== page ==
On a quest to redecorate, my husband and I headed to the young and poor shopper’s Mecca: Goodwill. Browsing the secondhand furniture and bedding we became aggravated over the price of the items. Six dollars for a used 12 by 12 inch throw pillow and $164 for a corner stand dropped off in the parking lot? Are you kidding me?! So we grit our teeth and fork out our hard earned cash for someone else’s old junk. These days we’re all trying to save a dollar, and my husband and I can’t help but reminisce a time when Goodwill was, well, affordable.
When I was just a young Californian lass my family took frequent outings to Goodwill. Most enthused was my mother and grandmother. Hour after hour went by and I was convinced that we wouldn’t leave until Mom looked over every single item in the store. I was frustrated; my five year old patience level was similar to what it is now (nonexistent) and I just didn’t understand why everything wasn’t sorted out on pretty racks with one hanging in front so you could see what the rest looked like. And everything smelled funny. When I got older I depressingly realized why we shopped at the smelly store; the clothes were cheap and we didn’t have a ton of money.
Ask my grandmother about my “Goodwill phases” and she’ll gladly tell you the saga of my pubescent years and my abhorrence for showing my face in one. Sure, there were times when Harriet the Spy bell bottoms could only be found second hand and I read through Babysitter’s Club novels faster than they were being written, but for no other reason would I be caught dead 13 and shopping at Salvation Army. It was a seventh grade status thing and Airwalks didn’t hit Goodwill shelves until about 2001, and Grandma just couldn’t ever ever ever understand!
Fast forward to twenty ten and here I am watching John the ponytailed forty-something scan my soon to be new-to-me crap and double checking his work because yellow tags are half-off today. Things have changed since junior high, that change being I’m on my own now (by choice, I swear). But with these prices we may as well buy new! My husband and I agree, a shirt used to cost one dollar at Goodwill when we were growing up, maybe two if it were long-sleeved. A month ago we scavenged for hideous Christmas-wear and I beamed when I discovered an old dance costume gem that completed my elf garb. But my glow quickly faded when I saw that this sequined and fishnet top was a whopping $5.99. I bought it, of course, but I fumed thinking to myself, who decided to charge an arm and a leg for things that they never paid for in the first place?!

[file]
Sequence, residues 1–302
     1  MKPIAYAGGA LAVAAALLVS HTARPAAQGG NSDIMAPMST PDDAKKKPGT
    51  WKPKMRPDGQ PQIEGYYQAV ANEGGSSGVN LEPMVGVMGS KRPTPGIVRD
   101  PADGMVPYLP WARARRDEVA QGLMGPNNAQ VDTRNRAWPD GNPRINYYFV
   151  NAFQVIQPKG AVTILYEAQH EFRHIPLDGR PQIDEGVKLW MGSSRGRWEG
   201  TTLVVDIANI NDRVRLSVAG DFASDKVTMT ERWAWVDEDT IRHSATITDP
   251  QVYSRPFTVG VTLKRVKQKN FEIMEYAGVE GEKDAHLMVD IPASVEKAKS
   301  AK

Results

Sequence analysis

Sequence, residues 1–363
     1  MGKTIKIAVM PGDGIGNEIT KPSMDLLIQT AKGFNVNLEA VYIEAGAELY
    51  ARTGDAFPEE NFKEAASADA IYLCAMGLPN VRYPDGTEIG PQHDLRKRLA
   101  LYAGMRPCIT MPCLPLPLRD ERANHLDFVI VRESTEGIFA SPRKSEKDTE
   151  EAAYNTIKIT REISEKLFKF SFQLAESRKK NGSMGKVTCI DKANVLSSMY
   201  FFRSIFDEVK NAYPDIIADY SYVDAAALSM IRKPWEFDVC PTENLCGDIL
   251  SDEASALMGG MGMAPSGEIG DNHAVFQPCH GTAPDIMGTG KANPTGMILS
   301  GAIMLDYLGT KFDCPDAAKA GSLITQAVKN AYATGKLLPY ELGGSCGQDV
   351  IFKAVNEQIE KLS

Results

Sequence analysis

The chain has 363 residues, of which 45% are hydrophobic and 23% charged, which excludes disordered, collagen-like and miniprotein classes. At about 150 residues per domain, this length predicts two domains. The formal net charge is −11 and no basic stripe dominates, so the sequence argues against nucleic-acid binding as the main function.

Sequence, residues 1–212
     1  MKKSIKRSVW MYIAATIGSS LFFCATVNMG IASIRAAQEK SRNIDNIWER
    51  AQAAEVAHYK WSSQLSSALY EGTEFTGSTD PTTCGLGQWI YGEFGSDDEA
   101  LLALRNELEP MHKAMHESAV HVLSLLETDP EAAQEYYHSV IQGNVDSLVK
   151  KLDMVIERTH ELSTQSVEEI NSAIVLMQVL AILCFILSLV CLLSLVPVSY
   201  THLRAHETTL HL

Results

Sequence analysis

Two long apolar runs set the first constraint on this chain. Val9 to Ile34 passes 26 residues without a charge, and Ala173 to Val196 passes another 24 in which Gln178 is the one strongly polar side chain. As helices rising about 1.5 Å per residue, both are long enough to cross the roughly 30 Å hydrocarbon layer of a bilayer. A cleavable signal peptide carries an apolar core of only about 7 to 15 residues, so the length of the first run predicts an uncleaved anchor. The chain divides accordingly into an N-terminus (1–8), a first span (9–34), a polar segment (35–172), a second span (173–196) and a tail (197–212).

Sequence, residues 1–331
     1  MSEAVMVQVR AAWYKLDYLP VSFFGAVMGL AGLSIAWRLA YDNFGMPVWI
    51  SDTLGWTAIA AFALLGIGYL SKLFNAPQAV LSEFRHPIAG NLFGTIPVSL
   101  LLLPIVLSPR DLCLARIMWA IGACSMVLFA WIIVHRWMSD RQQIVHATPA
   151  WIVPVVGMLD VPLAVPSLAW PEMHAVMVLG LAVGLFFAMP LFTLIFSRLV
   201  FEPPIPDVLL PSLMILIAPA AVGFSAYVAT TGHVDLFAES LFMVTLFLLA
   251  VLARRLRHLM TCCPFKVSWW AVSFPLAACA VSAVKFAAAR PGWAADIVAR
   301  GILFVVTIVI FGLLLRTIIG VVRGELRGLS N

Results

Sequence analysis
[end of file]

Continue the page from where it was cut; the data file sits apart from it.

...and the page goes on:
Who? is a gentleman by the name of Michael Miller, the President of the Columbia Willamette region of Goodwill locations, who in 2005 the Oregon attorney general’s office determined made too much money compared to other “non-profit” up and ups. How much is too much? you ask: almost a million a year. From our free, donated junk. Goodwill still claims to be employing millions of Americans who would be without work if it weren’t for them, and they very well may be. But it’s a tough pill to swallow when one of the many Goodwill regional presidents is making a salary tripled my own with a couple zeros tacked onto the end of that. I think of how much less fortunate families and individuals struggle with paying these prices, and I stick my foot in my mouth (well maybe just a big toe). What if you really weren’t able to afford thrift store prices?
So I ask Mr. Miller to remember what Goodwill used to be about, and invite you to visit my garage sale I will be having this spring, sometime around say April?